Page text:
From stitches to staples, tapes to glues, we’re familiar with the many different types of wound closure. However, there are also three types of healing that physicians and surgeons can employ based upon the type of wound they are dealing with, whether it’s an abrasion, laceration, puncture, incision, or worse. Ultimately, it all comes down to taking into consideration how much skin and tissue has been lost.
Three Types of Healing Explained
Primary Intention Healing
Also known as “first intention healing” or “primary wound closure,” this type of healing is generally employed when there has been very little tissue loss and new blood vessels and keratinocytes need to migrate only a small distance. These clean wounds or surgical incisions are almost immediately closed with stitches, staples, glue such as Derma Bond, or tapes such as Steri Strips.
In some instances, closure of the wound or incision may be delayed and require the skill of a plastic surgeon or orthopedic surgeon if the wound is jagged, asymmetrical, or could interfere with movement in a joint. There may also be a delay if the wound is significantly contaminated or too much time has passed (generally more than 4-8 hours). In these instances, surgeons may opt for second intention healing.
Secondary Intention Healing
Although most wounds and incisions are mended through primary intention healing, sometimes second intention healing (also known as “secondary closure healing”) is the chosen method. This occurs when there is a large tissue defect (possibly with infection), there has been extensive loss of cells and tissue, and wound edges cannot be approximated requiring new tissue to be formed to bridge the gap between wound edges or to “fill the wound.”
As you may expect, second intention healing is a much slower process as it requires granulation tissue formation for the wound to contract, and can often result in a large, unpleasant scar. Surgical removal of dead tissue (debridement) can help.
Tertiary Intention Healing
Also known as “delayed” healing, tertiary intention healing occurs when a wound is initially left open in order to be “staged” for primary intention healing. The delay may be due to an unhealthy or unstable patient, infection or the presence of a foreign object, poor circulation to the injured area, a crush component, or if a significant amount of time has passed since the injury occurred. During staging, the wound is cleaned and damaged tissue is removed, and after a period of observation, primary wound closure may be performed if evidence of healing, viable tissue, and improved circulation becomes apparent as the body’s natural defenses take over.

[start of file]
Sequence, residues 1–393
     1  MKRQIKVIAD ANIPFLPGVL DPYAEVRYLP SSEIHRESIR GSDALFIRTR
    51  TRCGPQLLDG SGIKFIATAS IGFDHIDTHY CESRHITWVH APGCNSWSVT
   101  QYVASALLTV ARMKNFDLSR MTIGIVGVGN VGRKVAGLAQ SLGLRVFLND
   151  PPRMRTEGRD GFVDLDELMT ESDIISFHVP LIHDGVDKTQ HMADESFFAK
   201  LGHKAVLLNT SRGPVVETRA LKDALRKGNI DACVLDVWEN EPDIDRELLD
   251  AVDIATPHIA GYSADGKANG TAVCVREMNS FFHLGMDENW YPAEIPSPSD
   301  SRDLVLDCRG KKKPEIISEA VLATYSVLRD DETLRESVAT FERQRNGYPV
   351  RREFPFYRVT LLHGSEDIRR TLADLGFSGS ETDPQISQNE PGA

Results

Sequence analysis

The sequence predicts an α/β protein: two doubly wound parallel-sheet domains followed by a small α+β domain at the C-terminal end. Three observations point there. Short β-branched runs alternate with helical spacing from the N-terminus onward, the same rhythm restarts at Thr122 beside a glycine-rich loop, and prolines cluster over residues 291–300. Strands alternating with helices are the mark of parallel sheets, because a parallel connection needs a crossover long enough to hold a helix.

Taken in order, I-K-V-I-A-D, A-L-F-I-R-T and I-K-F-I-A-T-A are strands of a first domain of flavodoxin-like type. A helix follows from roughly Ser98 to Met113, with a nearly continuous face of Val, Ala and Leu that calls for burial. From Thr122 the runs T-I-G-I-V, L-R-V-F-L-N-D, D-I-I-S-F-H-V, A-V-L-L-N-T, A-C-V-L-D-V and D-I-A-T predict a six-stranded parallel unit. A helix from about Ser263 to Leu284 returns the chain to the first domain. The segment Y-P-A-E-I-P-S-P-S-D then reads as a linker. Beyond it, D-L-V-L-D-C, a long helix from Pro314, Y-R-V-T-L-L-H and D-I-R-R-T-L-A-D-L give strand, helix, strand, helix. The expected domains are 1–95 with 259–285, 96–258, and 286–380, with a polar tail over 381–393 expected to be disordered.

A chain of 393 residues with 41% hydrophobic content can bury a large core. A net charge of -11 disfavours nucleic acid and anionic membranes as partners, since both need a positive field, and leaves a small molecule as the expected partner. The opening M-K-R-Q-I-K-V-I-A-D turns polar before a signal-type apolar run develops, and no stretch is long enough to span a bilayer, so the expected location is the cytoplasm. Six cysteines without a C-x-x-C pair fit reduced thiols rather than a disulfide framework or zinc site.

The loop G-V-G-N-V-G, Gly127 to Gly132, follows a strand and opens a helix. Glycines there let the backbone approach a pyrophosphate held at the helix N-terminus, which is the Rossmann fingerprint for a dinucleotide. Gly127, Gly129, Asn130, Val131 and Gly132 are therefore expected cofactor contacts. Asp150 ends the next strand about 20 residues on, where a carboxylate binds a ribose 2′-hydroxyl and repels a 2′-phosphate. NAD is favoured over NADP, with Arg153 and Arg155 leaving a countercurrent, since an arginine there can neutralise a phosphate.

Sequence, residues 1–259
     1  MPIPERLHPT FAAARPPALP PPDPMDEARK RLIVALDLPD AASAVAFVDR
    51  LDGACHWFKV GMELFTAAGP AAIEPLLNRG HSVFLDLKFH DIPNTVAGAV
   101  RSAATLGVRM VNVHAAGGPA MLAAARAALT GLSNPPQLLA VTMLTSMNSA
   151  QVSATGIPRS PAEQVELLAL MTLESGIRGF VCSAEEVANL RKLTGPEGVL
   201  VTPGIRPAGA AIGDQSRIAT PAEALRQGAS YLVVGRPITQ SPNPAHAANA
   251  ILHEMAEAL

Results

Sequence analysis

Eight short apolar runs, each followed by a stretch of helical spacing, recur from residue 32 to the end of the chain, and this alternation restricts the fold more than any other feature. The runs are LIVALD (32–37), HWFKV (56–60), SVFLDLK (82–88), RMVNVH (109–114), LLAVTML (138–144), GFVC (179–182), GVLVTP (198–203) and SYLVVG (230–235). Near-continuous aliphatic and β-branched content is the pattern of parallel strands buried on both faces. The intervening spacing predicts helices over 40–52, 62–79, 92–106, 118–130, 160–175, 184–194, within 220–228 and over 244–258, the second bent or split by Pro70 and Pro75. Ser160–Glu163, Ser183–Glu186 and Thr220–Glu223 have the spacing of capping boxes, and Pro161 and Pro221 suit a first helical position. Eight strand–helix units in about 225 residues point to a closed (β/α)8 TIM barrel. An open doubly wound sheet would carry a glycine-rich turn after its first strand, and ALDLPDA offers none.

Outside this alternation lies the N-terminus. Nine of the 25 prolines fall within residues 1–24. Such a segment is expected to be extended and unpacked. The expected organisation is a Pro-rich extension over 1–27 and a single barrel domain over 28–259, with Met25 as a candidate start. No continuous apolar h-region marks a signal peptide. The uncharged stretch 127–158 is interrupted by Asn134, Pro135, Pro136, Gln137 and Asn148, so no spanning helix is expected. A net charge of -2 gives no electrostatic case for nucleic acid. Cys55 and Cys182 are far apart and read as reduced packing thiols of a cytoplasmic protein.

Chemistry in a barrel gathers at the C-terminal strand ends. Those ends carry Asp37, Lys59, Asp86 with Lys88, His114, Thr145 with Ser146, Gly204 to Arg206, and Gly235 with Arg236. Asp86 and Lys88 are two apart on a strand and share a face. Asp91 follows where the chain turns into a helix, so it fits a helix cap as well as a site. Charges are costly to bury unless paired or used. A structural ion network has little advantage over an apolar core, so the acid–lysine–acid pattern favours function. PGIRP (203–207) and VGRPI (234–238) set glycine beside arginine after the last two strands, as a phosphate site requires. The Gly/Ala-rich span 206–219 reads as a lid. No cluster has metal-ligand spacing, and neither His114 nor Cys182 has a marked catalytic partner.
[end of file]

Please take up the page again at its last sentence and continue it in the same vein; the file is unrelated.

One injury often resulting in tertiary intention healing is wound dehiscence. This occurs when a wound previously closed through primary intention healing has come apart, often due to high tension over a joint, or in abdominopelvic surgeries, where dehiscence is estimated to occur in 0.5-3.4% of procedures. Unfortunately with tertiary intention healing, the repair time is longer, scarring is more pronounced, and the chances of infection are greater.
BandGrip for Wound Healing
Sutures, staples, glues, and adhesives all present unique challenges when it comes to primary intention healing. Today, surgeons have another option: BandGrip. The latest development in wound closure technology, BandGrip Micro-Anchor Skin Closures are a quick, intuitive, and non-invasive closure option for surgeons. Resembling a typical adhesive bandage, BandGrip’s patented micro-anchors grip the skin tightly and hold wound edges together to facilitate a secure closure offering many advantages:
- Faster and easier application versus sutures and staples
- Eliminates the risk of needlestick injuries
- Can be applied by a nurse or physician’s assistant
- Results in less scarring than sutures or staples
- Supports better mobility due to its smooth, water-resistant surface
- Ability to be tiled for larger wounds or incisions
- Does not require a return visit for removal, saving surgeon’s time
Want to see BandGrip in action? View the video below.